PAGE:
Fox News Launches Campaign To Fire UN Ambassador Susan Rice

Well. This is interesting. Fox News launched a full-scale assault on Susan Rice this morning, calling for her to be fired as U.S. Ambassador to the United Nations. Former Bushie Richard Grenell led the charge on Megyn Kelly's show this morning

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Well. This is interesting. Fox News launched a full-scale assault on Susan Rice this morning, calling for her to be fired as U.S. Ambassador to the United Nations. Former Bushie Richard Grenell led the charge on Megyn Kelly's show this morning after posting an op-ed on the Fox News website calling for her to step down.

As far as I can tell, Grenell's reasons are as follows:

  • She isn't strong enough.
  • She isn't effective enough.
  • She didn't speak out against the violence in Syria soon enough.
  • She (allegedly) skipped Security Council meetings when "Israel needed defending."
  • She didn't show up at first two UN Security Council meetings "on the unfolding Arab revolution."
  • She hasn't passed enough resolutions on Iran.

All of this seems to be a proxy war on President Obama over differences of opinion between the neocons and the President on the subject of Iran. Fox News has been a key player in the "stoke fears over Iran" story unfolding this year, spending a minimum of an hour per day on it across daytime and nighttime TV. Back in November, Grenell launched this shot over the bow, via the Wall Street Journal:

Two views are emerging in response to the International Atomic Energy Agency's latest report on Iran's nuclear weapons. While one camp believes the Iranians are close to obtaining nuclear weapons, the other side believes they haven't mastered the technology and that time still remains to work out a diplomatic, non-military solution.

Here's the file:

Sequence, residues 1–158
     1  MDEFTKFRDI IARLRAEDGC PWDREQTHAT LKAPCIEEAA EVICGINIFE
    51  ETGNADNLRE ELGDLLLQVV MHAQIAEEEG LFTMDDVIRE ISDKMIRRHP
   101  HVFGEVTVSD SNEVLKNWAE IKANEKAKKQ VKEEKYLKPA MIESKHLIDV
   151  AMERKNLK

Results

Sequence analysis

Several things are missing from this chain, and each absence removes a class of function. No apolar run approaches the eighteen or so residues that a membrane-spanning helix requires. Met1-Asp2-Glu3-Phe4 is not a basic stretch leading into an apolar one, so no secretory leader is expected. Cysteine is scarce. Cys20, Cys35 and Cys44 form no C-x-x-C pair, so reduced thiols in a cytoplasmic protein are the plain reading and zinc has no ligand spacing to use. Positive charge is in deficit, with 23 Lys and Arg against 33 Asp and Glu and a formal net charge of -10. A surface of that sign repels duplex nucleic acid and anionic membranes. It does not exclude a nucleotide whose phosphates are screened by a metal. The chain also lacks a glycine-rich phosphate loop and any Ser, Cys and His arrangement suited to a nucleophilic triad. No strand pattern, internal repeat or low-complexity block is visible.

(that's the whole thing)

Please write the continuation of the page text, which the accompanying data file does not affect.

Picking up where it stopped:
The Obama team falls in the second camp. It is calling for more diplomacy and more international pressure—as if U.S. diplomats haven't tried to convince Iran or its neighbors that its pursuit of a nuclear weapon is not a good idea.

And that's what's so dangerous about the president's spin. His administration professes that the world is unified in pressuring Iran, but what the international community is really unified about is doing nothing.

The pronouncements from the White House that unity from the international community is its priority are naïve and treacherous excuse-making. And if consensus is the mandate, then the Obama team has already failed that test with the divided-support for their only resolution. More importantly, the Russians and the Chinese, with their complaints about another round of sanctions, have scared off the Obama team from calling for a vote on another resolution.

Mr. Obama's gamble that we have time before Iran gets a nuclear weapon is perilous. Those calling for more pressure on Russia and China to comply with current sanctions miss the reality of Iran's pursuit and the weakness of the Obama team. If Russia and China can vote for multiple Iran sanctions resolutions but ignore them—and then resist subsequent demands to comply with previous resolutions or produce new ones—then giving them more time to realize the errors of their ways is foolish.

Grenell's opinion, short version: It is a sign of weakness to use diplomatic pressure and negotiations to deal with the nuclear threat from Iran. Which of course begs the question: What would Grenell recommend? Oh, wait. Grenell doesn't have any recommendations, and his service under the prior four UN Ambassadors (ending with John Bolton), was limited to communications. In other words, spin.

So what heinous sin has Susan Rice committed, exactly? Telling Assad his days are numbered? Or is it condemning neocons' BFFs Russia and China for vetoing a UN resolution calling for Assad to step down? Or, is it that he doesn't feel the Obama administration has looked after US interests in Syria to his satisfaction?

Here is what Grenell wishes Rice would do:

But why not push our friends toward reform and our enemies toward regime change? White House and State Department officials should be able to have adult conversations with our allies that include multifaceted approaches to the policies we disagree with. Certainly U.S. allies that receive vast amounts of US taxpayer dollars are able to accept our aid but stand strongly against some of our policies (Pakistan comes to mind).

And he has specific friends and enemies in mind, too:

If we want to pressure Iran to give up its illegal pursuit of nuclear weapons then we better find enough resolve to support the overthrow of Iran's closest ally, Syria.

In Grenell's view, the only worthwhile strategy is a scorched-earth strategy, whether it's Susan Rice or Iran. Perhaps there is a different way, but for now, Fox News has embraced Grenell's strategies wholeheartedly, whether Iran or the Obama administration.

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